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The pricing paradox
Two major tasks. Creating a catalog means telling collectors about:
The first task is constant fun but, estimating prices is no fun at all. How can I estimate prices that will be valid for all users?
In other words. if I am doing my job correctly, half my readers should think my prices are too high and half should think them too low. No one should agree with my prices all the time.
Different hobby segments. The hobby of collecting stocks and bonds consists of many different segments with different participants, different selling customs, even different certificates.
Certificates sell in diverse venues such as flea markets, antique stores, professional dealer inventories, shows, online auctions and live auctions. North American railroad certificates sell in large numbers in the United States, Germany, Belgium, Austria and Switzerland. They sell in lesser numbers in the rest of Europe and in Canada.
Such diversity means that uniform prices cannot possibly exist.
Diversity also causes prices to display huge ranges for nearly identical certificates, even within one segment. In fact, radically different prices co-exist for all collectible certificates, no matter whether they are cheap or expensive, common or scarce.
It should be obvious that no price estimates will ever satisfy all collectors and dealers.
My solution to the dilemma of estimating a single price per certificate is to estimate prices that collectors may expect to pay if they buy:
Collectors will encounter prices that disagree with mine. As long as I am reasonably consistent in my approach, collectors can use my prices with a degree of predictability. They must, however, factor prices for the hobby segments they regularly participate in.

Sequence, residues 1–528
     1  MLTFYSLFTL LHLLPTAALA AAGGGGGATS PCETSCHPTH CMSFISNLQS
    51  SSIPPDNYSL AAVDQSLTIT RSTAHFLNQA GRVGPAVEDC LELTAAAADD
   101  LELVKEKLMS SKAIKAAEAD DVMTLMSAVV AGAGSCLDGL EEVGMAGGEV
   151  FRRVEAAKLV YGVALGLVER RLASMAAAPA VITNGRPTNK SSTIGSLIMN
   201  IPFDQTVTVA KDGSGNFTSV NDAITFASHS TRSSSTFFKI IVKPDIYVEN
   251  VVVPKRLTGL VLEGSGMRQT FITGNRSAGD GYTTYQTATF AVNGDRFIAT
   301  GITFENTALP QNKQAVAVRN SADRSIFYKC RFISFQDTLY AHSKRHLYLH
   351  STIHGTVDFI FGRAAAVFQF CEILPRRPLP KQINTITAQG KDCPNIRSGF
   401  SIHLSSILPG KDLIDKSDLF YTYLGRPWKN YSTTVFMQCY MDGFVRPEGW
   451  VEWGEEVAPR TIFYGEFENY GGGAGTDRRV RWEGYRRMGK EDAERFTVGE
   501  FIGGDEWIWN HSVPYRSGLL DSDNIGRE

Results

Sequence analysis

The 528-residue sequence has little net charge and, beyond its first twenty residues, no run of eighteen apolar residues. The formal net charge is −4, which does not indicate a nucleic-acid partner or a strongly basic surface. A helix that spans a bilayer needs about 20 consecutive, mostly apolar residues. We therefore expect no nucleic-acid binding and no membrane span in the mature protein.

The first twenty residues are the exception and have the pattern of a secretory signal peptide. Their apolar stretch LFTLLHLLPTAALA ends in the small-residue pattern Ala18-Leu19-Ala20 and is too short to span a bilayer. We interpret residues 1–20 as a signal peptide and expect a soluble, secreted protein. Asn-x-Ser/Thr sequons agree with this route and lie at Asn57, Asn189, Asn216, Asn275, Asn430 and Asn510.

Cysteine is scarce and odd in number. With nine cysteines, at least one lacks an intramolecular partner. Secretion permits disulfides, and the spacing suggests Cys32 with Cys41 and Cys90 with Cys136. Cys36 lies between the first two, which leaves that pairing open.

For instance, German collectors may think my prices are low for medium scarcity certificates. In part, this reflects fewer certificates available in Germany. It also reflects the fact that European collectors pay noticeably more for rarity than Americans.
Conversely, people who buy on eBay (US) pay substantially less for rarity. They will think my prices are high for the same certificates. Statistically, eBay prices run about 60% of my estimates for medium-scarcity certificates. For high-rarity certificates, eBay prices may be only 50% of mine. Oddly, at the other end of the rarity scale, collectors frequently pay more for very common certificates on eBay than my prices would suggest. They often pay more than if they bought from live auctions and established professional dealers! Such collectors would think my prices are too low.
Experienced American and non-American dealers routinely price their inventories higher and lower than my estimates. Collectors should buy from dealers they feel comfortable with, regardless of price. I have said repeatedly that buying on the basis of price alone is a very large mistake. Dealers will not and should not agree with all my prices.
Collectors should factor my prices for their hobby segments. The trick to using my catalog is to compare my prices with items that sell in your hobby segment. Make notes of how my prices compare with the dealers and auctions you buy from. If my prices run 10% higher than yours in a specific category, then you have a good conversion factor. Test all price ranges in similar manners.
Maybe your dealer's "list price" is 25% higher than my estimate, but he often gives you 15% discounts. Good. You have a semi-predictable conversion factor.
Beware that supply – or the impression of supply – affects prices dramatically. For instance, a small hoard of 25 certificates sold one at a time on eBay over a half year will have a much greater effect on prices than the same 25 certificates sold in one lot in a live auction.
Desirability also affects prices. You may have noticed that collectors often pay higher prices for certificates from certain areas than equally scarce certificates from elsewhere. For instance certificates from Texas, the Pacific Northwest, and from the Civil War South frequently fetch unpredictably high prices. A few purchases by specialists with large desires can have large effects on prices. However, once their desire are satisfied, temporary high prices may not be equaled for many years.
My price estimates change constantly. I record prices from every source I can find and adjust prices up and down as repetitive sales confirm trends. I give highest credibility to sales that take place between collectors and professional American dealers and auction houses. Those sales affect my prices quickly. On the other hand, eBay sales affect my estimates more slowly because prices from sale to sale are so unpredictable.
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